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Hit Box Fight Pad

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This is a fight pad where the directions are buttons instead of a joystick. They have some videos of them doing combos in several games using their fight pad:

From what I've seen, using this pad is like playing on a keyboard without the stiffness of a keyboard. It seems really cool. What do you guys think of this pad?

Also, I find the placement of the up arrow a bit odd. Anyone know what are the advantages of having the up arrow where it is?

The Fluke:

--- Quote from: marchefelix on December 07, 2012, 01:15:00 AM ---Also, I find the placement of the up arrow a bit odd. Anyone know what are the advantages of having the up arrow where it is?

--- End quote ---

I believe it is where it is so you don't have to move any fingers around. A friend of mine uses a hitbox and while i haven't played him in any 2d games since he got it, it seems to work really well for him in ttt2.

So, I know this is a real old topic, but I started learning KoF around the time I started learning hitbox, which is about a month and a half ago.

Anyone else use hitbox? Sometimes it feels great to use and other times it's incredibly frustrating. I finally am starting to get half circles down but now I'm beginning to have more trouble with quarter circles and double quarter circles. For some reason my quarter circles are starting to be lazy or too fast and sometimes they don't even come out in SF4.

Practicing motions over and over in training mode is really tedious, especially because I went through long periods of learning to do motions on pad and then on stick in the past year, since I've only been playing fighters about a year.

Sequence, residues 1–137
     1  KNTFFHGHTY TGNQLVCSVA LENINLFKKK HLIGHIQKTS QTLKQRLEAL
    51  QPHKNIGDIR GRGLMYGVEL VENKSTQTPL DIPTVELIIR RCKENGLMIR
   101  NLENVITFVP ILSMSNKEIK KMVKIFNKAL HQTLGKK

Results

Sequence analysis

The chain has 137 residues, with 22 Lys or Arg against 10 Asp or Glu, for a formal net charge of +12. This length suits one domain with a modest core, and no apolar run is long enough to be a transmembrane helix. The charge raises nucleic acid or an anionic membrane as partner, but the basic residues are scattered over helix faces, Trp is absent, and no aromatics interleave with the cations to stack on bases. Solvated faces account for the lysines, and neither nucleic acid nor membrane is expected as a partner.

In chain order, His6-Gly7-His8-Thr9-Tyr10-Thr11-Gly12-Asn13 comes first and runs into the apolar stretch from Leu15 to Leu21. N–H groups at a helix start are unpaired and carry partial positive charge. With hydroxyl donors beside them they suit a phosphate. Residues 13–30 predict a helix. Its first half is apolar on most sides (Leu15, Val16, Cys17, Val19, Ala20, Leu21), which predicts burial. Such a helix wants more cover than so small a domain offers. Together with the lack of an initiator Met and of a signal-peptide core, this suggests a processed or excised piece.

I'd use stick but my tendons just can't handle the stress, especially in KoF. I wouldn't be able to play KoF at all for any extended amount of time without a hitbox. Maybe it's just a matter of time.

I know Tha C-Master was supposed to upload some more neat videos with alternate inputs.

I don't recommend using SF4 to practice on a new controller.  The very loose inputs and input storing can really mess up your since of execution in other games.  I always recommended Capcom vs SNK 2 for the following reasons:

1.  You have training mode, and some older games don't.
2.  You can adjust the speed to very slow (1 star) and learn the inputs slowly, and increase the speed as you improve.
3.  It doesn't have the input leniency of SF4 or most newer game.  You have Kof inputs AND SF inputs and you can learn both.

I think the hitbox is your best bet because you have the quickest speed (especially once you learn alternate inputs), more accuracy, and as you said comfort.  I like being able to play all day with no discomfort or being able to lay down and play if I see fit.

One thing you can also do is also do some trials or beat up on the CPU to  help yourself mentally do the motions.  Doing it in practice is a start, but you also want to be able to react with it.  Which also takes some practice.

The jump button being down allows you to use your right thumb to jump, which means you are using two hands to control your character, with one finger on each button.  This way you have the quickest and most precise control for things like 360's and tiger knee inputs.

Thanks for the tips. I think I will probably just keep using KoF to practice since I get really frustrated switching between games.

I was having really slow motions, but I figured out what was causing it in part.

I was holding my hand too horizontally close to the hitbox, like the first image here. Once I raised my hand and wrist a bit, it felt like I had more leverage so I could do the motions quicker and more cleanly:

I always hold my button hand in the upright position like that, but didn't notice my movement hand was so low. I think I developed it from spending hours and hours trying to learn to do accurate half circles in KoF. Its scary how easily you can ingrain bad habits...


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